Feeling the Burn

WASTE COMPANY OWNERS ARE FEELING the pinch from skyrocketing premiums for health insurance. But medical and hospital coverage is not their only insurance headache.

Viewed on a nationwide basis, premiums for workers' compensation have soared by approximately 50 percent during the past few years. Waste companies in California have seen even bigger jumps. Perhaps that's why Gov. Arnold Schwarzenegger says he may resort to a ballot initiative to cap medical costs and benefits if lawmakers fail to sizably trim the state's budget.

Business leagues and trade associations, not to mention small-business lobbyists, have actively sought these kinds of changes, reflecting the anger and frustration that affects firms of all sizes in all sectors of the economy. Smaller haulers can find it more difficult to compete where they cannot pass through sharply rising workers' compensation costs.

As if the situation weren't critical enough, some businesses have taken matters into their own hands. More precisely, they have decided to wash their hands of the problem by ignoring the legal mandate to carry such insurance.

With the notable exception of Texas, all states have laws on the books requiring employers to carry workers' compensation coverage. Although the mechanics of filing and pursuing a claim vary from state to state, the system is fundamentally uniform throughout the country.

An employee cannot sue his employer for a job-related injury. Instead, an injured employee must file a claim with a state workers' agency, which determines on a roughly no-fault basis, the amount of payment the employee will receive for injury, disability and lost earnings. For the most part, the state systems are funded by contributions or premiums paid by employers based on the size of a company's payroll and the nature and number of claims that its employees have filed.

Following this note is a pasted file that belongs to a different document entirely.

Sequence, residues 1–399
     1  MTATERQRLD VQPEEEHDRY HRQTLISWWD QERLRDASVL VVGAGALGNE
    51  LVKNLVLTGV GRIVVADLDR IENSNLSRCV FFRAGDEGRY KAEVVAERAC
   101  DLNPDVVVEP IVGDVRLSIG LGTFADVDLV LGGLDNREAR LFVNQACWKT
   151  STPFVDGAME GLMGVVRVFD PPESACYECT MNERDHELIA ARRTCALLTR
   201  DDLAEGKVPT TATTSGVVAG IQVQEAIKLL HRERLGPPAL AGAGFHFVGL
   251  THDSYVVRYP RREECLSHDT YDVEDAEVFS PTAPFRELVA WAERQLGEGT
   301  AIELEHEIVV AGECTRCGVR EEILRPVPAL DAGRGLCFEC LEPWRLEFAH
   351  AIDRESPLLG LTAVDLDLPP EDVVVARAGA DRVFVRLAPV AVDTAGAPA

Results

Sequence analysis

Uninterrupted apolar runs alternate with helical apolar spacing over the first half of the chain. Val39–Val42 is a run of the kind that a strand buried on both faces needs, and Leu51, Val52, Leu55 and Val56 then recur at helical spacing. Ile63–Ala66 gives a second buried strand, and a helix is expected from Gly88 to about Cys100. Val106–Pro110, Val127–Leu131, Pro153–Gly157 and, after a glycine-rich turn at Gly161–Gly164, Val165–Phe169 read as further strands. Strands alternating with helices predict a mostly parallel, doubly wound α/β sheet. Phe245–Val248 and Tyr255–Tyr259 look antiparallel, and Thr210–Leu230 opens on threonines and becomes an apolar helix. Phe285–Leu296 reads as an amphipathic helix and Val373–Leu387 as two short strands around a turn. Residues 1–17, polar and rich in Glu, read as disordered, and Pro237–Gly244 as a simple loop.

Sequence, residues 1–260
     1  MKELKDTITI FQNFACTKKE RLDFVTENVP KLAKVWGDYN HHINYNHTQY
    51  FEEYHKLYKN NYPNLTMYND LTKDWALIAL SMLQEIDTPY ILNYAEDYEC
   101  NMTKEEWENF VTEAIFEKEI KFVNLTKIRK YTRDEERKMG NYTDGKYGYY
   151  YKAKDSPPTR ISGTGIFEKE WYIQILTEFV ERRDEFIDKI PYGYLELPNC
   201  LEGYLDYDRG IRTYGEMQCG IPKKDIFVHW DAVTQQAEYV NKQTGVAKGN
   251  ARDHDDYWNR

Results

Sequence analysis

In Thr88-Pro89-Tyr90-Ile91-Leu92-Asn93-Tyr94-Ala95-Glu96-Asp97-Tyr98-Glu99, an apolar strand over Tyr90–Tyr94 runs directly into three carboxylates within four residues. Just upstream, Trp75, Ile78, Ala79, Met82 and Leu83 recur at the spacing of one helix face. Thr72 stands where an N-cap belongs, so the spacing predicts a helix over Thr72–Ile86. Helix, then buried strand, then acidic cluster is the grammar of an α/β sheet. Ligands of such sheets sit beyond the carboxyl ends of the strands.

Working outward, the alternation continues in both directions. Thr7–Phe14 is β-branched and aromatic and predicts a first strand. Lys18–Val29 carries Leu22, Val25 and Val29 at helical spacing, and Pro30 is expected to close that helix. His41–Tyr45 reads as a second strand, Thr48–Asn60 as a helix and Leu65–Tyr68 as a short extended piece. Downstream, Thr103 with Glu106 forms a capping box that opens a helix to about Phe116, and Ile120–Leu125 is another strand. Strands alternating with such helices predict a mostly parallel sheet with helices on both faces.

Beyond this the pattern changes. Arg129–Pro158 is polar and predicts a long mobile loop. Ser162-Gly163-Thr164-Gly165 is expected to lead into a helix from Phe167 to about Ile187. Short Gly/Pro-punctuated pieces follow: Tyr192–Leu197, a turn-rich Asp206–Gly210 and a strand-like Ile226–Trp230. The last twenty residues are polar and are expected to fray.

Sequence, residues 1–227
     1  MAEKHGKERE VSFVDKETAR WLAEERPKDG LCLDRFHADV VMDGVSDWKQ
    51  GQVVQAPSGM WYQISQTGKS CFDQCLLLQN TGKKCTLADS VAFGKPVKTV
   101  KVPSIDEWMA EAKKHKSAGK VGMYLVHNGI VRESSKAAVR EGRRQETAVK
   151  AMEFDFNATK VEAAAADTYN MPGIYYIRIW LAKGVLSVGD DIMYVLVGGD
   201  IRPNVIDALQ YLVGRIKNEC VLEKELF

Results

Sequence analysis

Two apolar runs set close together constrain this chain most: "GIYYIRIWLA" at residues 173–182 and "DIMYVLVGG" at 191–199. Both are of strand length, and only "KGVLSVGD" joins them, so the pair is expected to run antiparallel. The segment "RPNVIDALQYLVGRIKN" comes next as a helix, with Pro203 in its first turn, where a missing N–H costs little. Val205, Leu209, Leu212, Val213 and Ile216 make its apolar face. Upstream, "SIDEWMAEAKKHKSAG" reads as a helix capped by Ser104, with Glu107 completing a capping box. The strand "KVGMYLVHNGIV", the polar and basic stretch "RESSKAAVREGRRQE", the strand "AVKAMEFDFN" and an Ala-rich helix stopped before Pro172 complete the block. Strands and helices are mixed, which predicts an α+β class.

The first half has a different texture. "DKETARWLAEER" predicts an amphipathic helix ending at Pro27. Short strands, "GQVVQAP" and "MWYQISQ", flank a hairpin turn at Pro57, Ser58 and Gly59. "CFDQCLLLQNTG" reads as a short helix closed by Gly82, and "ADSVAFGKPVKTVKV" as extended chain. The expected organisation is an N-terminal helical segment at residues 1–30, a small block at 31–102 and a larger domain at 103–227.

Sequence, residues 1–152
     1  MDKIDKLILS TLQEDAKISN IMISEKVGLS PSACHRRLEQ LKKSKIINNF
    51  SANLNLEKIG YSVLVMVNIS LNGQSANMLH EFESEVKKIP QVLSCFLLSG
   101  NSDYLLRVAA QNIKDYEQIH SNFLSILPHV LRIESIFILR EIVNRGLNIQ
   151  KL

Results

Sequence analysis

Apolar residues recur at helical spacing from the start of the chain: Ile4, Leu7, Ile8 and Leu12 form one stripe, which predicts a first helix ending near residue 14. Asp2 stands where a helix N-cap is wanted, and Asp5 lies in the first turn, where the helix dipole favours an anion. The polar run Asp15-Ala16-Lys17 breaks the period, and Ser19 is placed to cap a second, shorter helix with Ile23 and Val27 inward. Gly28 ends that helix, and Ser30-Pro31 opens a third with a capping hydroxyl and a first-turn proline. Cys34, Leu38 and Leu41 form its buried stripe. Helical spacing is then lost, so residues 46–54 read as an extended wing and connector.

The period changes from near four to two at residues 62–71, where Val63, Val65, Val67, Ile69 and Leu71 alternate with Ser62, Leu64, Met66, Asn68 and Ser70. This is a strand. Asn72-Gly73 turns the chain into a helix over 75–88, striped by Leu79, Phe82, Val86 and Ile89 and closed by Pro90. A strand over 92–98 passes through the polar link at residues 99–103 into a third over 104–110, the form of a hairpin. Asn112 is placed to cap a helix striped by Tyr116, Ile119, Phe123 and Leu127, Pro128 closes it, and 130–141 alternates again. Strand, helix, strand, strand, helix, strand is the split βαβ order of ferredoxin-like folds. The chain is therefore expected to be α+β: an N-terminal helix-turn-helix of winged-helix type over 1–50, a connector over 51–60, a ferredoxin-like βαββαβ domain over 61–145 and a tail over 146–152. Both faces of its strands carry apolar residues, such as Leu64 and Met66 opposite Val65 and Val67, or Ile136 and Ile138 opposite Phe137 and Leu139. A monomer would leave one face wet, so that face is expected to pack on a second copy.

A disturbing trend among many smaller businesses is to save money either by not providing legally required coverage to their employees or by underreporting the size of their workforce, regulators and experts say.

Evading workers' comp laws is “endemic, especially in contractor sectors of the economy,” according to Robert P. Hartwig of the Insurance Information Institute, New York. “It's a multibillion-dollar problem in the aggregate across the country,” he told The New York Times.

The state programs protect an injured employee who works for a company that has cheated on its coverage. Claims are still processed and awards are made. But costs are passed along to the complying companies in the form of no-fault premium increases.

The owner of a 28-employee waste firm in the Southeast reports that during the past five years his injury rates have dropped. However, his workers' comp premiums have doubled and this cost stands in the way of winning new contracts. “Unless a business or a local government requires proof of insurance coverage — and in [many] places they don't — then I can lose a job to a competitor with a lower bid that's based on less overhead,” he complained.

Although a few states — Florida, New York and Ohio, for example — are trying to play catch-up with underinsured and uninsured employers, the prospects for stemming the trend any time soon are painfully slim.